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Marble Mountain Wilderness



Happy Camp Ranger District- The Happy Camp Ranger District represents the north-central portion of the Klamath National Forest and includes portions of the Siskiyou and Marble Mountain Wildernesses.
Salmon River Ranger District- Representing the southwest corner of the Klamath National Forest, the scenic Salmon River Ranger District includes portions of three different wilderness areas.
Scott River Ranger District- Located centrally within the Klamath National Forest, the sprawling Scott River Ranger District is home to dozens of high mountain lakes and scenic trails of all lengths.
Ukonom Ranger District- Located on the west-central edge of the Klamath National Forest, the Ukonom Ranger District offers ample whitewater access to the Salmon River as well as to the Marble Mountain backcountry.

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General Information

Description - Established as a primitive area in 1931, the Marble Mountain area received Wilderness designation in 1953, establishing it as one of the earliest Wilderness areas in California.

The area where the Marble Mountains now exist was once part of a the flat bottom of an ancient, shallow ocean. Millions of years ago, violent volcanic upheavings and the erosive cutting action of rivers and glaciers combined to form the Marble Mountains. Marble Mountain itself is composed primarily of prehistoric marine invertebrates. Almost all the lakes of the Marble Mountains were formed by ancient glacial activity.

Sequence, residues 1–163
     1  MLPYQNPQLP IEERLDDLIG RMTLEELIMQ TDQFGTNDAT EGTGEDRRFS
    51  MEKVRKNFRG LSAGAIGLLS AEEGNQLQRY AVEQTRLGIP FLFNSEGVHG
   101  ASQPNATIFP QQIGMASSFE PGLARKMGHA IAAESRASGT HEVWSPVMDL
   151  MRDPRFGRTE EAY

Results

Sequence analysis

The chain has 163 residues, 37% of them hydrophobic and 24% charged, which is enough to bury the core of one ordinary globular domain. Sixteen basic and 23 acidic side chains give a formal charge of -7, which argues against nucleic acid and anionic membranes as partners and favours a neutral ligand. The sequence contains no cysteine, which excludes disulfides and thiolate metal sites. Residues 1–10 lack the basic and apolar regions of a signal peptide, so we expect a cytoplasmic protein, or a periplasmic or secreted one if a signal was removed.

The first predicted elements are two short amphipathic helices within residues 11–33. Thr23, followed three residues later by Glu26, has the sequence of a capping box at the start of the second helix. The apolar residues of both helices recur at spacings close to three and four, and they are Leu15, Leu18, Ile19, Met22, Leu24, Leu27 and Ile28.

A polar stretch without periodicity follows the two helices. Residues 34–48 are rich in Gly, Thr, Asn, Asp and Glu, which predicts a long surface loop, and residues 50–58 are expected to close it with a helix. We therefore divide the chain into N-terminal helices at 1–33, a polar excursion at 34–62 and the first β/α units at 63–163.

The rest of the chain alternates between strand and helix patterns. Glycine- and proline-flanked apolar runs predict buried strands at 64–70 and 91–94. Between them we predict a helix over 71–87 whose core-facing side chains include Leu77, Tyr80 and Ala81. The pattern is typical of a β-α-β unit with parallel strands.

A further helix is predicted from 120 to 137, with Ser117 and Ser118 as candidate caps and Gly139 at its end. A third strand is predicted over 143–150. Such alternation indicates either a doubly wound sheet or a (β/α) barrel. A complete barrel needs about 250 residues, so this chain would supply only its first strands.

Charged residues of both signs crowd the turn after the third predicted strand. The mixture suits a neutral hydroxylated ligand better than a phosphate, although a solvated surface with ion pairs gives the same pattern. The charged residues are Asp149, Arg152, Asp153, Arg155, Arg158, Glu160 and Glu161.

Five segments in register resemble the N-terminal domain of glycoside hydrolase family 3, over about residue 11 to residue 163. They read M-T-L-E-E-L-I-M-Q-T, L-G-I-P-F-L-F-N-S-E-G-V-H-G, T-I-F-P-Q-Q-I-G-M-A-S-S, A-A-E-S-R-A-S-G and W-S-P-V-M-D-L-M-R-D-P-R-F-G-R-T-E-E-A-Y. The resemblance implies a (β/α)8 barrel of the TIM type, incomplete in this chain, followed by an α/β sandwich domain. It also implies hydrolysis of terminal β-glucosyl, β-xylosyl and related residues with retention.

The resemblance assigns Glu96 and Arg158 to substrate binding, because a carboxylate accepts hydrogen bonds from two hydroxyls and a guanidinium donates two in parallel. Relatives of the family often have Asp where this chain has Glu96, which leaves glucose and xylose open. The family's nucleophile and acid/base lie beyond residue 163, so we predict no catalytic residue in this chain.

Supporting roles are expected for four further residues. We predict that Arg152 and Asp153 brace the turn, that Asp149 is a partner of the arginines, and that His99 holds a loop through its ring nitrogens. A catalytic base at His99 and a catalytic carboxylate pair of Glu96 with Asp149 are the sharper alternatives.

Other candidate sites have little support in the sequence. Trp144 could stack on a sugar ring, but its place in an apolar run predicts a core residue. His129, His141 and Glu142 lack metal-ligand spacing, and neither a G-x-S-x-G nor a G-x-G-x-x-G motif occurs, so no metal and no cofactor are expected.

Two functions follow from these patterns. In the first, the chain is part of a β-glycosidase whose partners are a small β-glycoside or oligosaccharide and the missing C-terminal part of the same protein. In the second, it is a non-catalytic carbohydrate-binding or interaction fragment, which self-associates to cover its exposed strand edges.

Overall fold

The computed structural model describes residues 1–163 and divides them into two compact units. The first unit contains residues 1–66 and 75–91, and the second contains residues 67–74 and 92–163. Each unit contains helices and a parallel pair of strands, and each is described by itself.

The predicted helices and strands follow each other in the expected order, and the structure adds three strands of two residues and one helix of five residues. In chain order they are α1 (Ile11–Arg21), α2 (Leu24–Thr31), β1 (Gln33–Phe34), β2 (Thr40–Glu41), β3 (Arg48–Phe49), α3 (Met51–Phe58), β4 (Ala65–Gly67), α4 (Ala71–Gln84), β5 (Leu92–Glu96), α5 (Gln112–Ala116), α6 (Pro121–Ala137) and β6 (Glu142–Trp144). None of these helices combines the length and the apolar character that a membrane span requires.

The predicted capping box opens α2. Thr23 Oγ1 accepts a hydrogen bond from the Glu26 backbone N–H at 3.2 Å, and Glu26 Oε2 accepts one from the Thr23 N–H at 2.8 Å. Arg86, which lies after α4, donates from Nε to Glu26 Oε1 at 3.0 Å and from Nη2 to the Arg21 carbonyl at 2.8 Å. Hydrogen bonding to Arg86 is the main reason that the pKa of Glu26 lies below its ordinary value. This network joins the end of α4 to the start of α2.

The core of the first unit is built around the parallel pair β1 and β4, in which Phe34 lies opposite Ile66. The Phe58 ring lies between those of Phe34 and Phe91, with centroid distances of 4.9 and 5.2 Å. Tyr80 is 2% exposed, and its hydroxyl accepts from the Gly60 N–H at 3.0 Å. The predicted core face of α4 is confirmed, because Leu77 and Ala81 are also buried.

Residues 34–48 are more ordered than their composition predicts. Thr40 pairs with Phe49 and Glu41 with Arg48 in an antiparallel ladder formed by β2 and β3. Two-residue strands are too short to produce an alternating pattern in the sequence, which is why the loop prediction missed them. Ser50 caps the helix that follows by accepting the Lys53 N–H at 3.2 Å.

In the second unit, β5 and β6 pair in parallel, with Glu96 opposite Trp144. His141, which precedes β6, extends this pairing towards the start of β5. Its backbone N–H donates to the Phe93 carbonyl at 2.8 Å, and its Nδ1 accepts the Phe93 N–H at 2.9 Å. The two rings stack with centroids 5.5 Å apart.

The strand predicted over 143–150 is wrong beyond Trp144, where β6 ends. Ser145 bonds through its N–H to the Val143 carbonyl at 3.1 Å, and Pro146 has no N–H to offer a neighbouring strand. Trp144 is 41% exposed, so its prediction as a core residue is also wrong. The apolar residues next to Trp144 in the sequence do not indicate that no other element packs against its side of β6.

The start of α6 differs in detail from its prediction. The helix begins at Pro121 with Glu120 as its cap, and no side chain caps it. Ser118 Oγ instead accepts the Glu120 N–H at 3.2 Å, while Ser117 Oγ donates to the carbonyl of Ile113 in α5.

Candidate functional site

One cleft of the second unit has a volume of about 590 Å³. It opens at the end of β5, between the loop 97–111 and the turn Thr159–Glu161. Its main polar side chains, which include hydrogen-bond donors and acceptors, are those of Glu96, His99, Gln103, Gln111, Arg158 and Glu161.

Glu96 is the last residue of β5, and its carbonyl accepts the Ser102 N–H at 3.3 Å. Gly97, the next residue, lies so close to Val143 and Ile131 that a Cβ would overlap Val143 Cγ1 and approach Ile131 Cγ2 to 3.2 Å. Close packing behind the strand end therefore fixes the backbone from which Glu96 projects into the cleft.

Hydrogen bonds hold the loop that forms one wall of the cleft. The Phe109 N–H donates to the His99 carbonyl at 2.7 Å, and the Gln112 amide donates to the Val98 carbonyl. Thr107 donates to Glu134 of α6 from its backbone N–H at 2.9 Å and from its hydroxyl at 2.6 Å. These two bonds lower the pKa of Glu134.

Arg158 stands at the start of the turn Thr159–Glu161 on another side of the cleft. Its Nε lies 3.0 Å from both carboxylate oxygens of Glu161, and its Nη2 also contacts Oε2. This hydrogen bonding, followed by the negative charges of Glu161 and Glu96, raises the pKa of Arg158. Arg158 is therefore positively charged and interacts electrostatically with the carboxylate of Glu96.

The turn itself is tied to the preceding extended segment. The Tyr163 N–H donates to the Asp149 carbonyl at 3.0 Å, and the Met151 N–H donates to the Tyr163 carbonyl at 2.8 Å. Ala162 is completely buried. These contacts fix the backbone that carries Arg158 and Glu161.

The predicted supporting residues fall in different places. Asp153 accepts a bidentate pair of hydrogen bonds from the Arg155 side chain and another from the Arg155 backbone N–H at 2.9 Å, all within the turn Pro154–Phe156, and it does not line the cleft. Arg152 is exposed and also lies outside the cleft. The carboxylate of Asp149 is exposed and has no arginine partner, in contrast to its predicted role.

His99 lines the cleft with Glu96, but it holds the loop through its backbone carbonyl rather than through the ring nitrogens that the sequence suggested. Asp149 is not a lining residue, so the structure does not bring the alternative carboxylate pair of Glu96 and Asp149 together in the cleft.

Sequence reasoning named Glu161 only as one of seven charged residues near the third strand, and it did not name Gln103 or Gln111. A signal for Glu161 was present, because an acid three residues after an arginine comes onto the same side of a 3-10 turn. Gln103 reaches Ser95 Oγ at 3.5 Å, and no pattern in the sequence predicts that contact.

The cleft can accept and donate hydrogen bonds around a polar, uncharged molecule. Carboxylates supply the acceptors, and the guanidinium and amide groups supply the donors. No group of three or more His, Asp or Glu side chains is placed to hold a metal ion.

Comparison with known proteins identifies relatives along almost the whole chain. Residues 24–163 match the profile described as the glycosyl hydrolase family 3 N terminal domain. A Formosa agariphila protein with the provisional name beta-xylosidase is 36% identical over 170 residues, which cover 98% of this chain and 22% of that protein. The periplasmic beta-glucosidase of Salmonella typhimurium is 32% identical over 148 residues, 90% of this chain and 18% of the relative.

The colors of this wilderness area, from the majestic white of Marble Mountain, to the lush green of Morehouse Meadow, to the deep blue of Cliff Lake, interspersed with various hues of sheer rock cliffs and densely timbered mountainsides, provides a spectacle not soon to be forgotten.

The Marble Wilderness features an unparalleled diversity of plant life found nowhere else in the state. This 242,500 acre wilderness area spills over the boundaries of four ranger districts within the Klamath National Forest: the Salmon river, Scott River, Happy Camp, and Ukonom. The area is heavily forested, dotted with meadows, moderately used and easily traveled. Marble Mountain is host to 89 lakes which are stocked with trout. The larger streams have steelhead trout and salmon. Bear, deer, and other wildlife are plentiful. More species of conifers (17) live in proximity here than any place else in the world. These beautiful trees include the Brewer's or Weeping Spruce, Incense Cedar, Dwarf Juniper; White, Subalpine, and Shasta Red Fir; Engelmann Spruce, Western Hemlock, Pacific Yew; and Whitebark, Knobcone, Foxtail, Lodgepole, Sugar, Ponderosa, and Western White Pine. Study up on your cones and needle configurations before you go out, and see how many you can identify!

Attractions - There are ample opportunities for hiking, camping, backpacking, stock packing, and fishing throughout the Marble Mountain Wilderness. Some of the more popular backcountry attractions include the lake areas accessed via the Left Hand and Little North Forks of the Salmon River where trails up Garden Gulch and Devil's Canyon lead to a multitude of fishable lakes and streams. Also popular are the Big Meadows, Back Meadows, Red Rock Valley, and Marble Valley Areas which are easily accessed via the Lover's Camp, Boulder, and Shackleford Trailheads.